Monday, November 2, 2015

Yes, Virginia, We Have Another Election Coming Up


First Women to Vote in California, 1912; California Historical Society, CHS2011.559
After a long battle, California finally granted women the right to vote in state elections in October 1911. In this photograph, three of the first women in the state to vote cast their ballots at a poll booth in March 1912. It was not until 1920, with the ratification of the 19th Amendment, that the national fight for women’s suffrage ended. Even then, women were slow to acquire the voting habit, taking about 60 years to equal or exceed the number of male voters casting ballots, according to the Pew Research.   
By Steve Swatt

Voters in many parts of California face another Election Day on November 3 that few are aware of and in which even fewer will participate. We won’t be electing a president or governor, but voters throughout California will be deciding local, nonpartisan issues—such as mayor and sheriff in San Francisco, school board members in Palos Verdes and El Segundo, and local taxes in Hermosa Beach and South Pasadena.
If history is any indication, electors will stay home in droves. Municipal elections simply don’t attract enough attention to goad voters to the polls—media coverage, particularly on television, is virtually non-existent, a boost in a city’s transient occupancy tax isn’t sexy, and nonpartisan races lack cues that tend to be a magnet for voters.
Voting Broadside, 1879; California Historical Society, CHS2014.1840
Before campaigns were waged in the media markets, broadsides such as this one exhorting “Awake!
Assert Your Rights!” entreated San Francisco citizens to get out the vote.
The problem is most acute in Los Angeles where barely 10 percent of eligible voters participated in last March’s municipal elections, and only 7.2 percent of voters in a state senate district cast ballots in a special election. Californians tell pollsters they dislike politicians, are disillusioned with government, and simply believe that their votes don’t count. But the fact is, elections do matter—whether voters flock to the polls or stay home on Election Day.

How would California’s political landscape be different had Dianne Feinstein not been elected to the San Francisco Board of Supervisors in 1969? That same year, 32-year-old Jerry Brown won a seat on the Los Angeles Community College Board of Trustees, which offered him a springboard to statewide office and a record four terms as governor.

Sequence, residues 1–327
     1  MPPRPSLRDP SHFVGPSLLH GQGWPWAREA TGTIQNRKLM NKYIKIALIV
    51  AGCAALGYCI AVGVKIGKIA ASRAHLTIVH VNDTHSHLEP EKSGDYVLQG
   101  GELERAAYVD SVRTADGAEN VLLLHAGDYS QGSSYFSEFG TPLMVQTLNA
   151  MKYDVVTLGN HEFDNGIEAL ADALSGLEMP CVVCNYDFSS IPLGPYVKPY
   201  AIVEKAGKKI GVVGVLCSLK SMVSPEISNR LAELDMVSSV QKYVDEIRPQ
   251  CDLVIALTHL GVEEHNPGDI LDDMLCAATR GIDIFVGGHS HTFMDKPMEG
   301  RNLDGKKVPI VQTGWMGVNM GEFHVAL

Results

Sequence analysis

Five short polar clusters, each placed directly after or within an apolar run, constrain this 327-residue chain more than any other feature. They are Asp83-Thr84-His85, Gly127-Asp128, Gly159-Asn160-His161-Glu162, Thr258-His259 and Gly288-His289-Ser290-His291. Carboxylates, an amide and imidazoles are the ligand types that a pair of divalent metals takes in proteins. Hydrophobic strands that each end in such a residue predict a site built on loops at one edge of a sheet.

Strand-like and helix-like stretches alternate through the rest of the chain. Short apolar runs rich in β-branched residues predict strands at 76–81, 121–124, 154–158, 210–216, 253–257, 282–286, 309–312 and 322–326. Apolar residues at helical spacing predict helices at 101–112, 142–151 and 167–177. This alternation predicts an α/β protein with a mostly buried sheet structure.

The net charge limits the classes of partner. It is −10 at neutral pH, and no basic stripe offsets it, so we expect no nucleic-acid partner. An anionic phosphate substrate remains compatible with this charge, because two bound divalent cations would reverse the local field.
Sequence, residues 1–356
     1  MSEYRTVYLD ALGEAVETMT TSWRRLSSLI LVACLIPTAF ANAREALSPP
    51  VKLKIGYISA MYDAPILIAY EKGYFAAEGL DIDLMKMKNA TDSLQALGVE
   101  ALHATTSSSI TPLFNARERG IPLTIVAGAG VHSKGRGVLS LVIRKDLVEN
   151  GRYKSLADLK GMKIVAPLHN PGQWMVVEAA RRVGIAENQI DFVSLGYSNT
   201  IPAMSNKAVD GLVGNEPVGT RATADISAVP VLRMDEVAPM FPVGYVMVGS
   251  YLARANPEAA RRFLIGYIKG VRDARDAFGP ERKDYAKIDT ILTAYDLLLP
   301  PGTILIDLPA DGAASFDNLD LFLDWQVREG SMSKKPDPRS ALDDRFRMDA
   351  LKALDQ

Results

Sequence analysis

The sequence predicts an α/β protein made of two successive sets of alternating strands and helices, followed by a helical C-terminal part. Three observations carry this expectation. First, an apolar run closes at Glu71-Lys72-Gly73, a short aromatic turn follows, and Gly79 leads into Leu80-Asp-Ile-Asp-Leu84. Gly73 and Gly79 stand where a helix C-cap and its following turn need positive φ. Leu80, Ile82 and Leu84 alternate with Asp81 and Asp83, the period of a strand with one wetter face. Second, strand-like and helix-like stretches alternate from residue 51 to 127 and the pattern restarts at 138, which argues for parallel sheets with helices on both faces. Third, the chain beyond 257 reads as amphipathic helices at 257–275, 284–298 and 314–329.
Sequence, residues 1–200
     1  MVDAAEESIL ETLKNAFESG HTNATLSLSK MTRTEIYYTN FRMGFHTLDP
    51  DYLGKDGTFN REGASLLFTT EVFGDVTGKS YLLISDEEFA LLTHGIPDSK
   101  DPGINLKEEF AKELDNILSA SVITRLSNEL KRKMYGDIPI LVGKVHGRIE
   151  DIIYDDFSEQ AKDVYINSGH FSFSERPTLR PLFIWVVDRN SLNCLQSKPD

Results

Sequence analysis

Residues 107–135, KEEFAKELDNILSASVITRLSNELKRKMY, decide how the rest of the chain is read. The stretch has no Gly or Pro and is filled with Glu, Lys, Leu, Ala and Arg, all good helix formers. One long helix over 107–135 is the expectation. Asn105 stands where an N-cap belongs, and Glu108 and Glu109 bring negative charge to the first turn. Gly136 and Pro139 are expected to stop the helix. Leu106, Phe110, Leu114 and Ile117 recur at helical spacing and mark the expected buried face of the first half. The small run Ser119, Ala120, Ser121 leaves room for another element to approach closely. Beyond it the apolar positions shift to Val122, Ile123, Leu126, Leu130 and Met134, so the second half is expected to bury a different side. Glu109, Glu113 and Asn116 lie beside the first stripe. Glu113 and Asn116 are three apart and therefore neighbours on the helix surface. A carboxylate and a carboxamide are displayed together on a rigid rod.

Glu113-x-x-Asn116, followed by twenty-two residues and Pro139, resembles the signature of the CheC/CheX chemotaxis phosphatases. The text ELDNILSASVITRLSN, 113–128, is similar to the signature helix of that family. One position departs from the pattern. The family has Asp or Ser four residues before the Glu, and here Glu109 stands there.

Voter apathy has been most severe in recent years, with the 2014 statewide primary and general elections that determined California’s constitutional officers setting records for futility. Last November, for example, an astonishing 94.8 percent of eligible 18-year-olds did not cast ballots. But voter laziness and indifference aren’t new phenomena. In arguably the most important election in Los Angeles history—the 1905 authorization to purchase land and water rights in the Owens Valley—barely 11,400 voters decided the city’s future out of a population of 200,000.

(Left) Water Works Bond Certificate, 1907; courtesy of the California History Room,
California State Library, Sacramento, California. (Right) Los Angeles Aqueduct Celebration,
November 5, 1913; courtesy of the Library of Congress
The second Aqueduct bond issue—worth $23 million—was approved in June 1907 by Los Angeles voters by a 10-to-1 margin. The funds secured construction of the gravity-powered Los Angeles Aqueduct (right), the country’s largest municipal water system in its day.

Numerous studies have shown that in low-turnout elections, it is the older, whiter, and more-affluent voters who reliably cast ballots and thus have disproportionate clout at the ballot box. A UC San Diego analysis found that such elections contribute to poorer outcomes for minorities in terms of government priorities and budgeting.

In response to recent low-turnout elections, the city of Los Angeles will consolidate future municipal elections with even-year state and federal contests—a move that should entice many more citizens to vote in down-ticket city races. At the state level, lawmakers in Sacramento responded to last year’s dismal showing at the polls by introducing a number of bills designed to boost turnout and make voting more convenient. Under one closely watched measure signed by Governor Brown, California will become the second state in the nation to automatically register eligible voters when they obtain or renew their driver's licenses.

Some experts argue, however, that new laws to boost registration merely work around the edges, because increasing voter registration will not necessarily make Californians more interested in voting or engaging in the political process. That will only happen when Californians understand that elections have real-world consequences that affect all of us, and that we already have the power to help dictate those outcomes.

Steve Swatt is a veteran political analyst and public affairs executive. He is lead author (with Susie Swatt, Jeff Raimundo, and Rebecca LaVally) of Game Changers: Twelve Elections That Transformed California, winner of the California Historical Society Book Award, co-published by Heyday and the California Historical Society (2015). Visit his website at www.calgamechangers.com.
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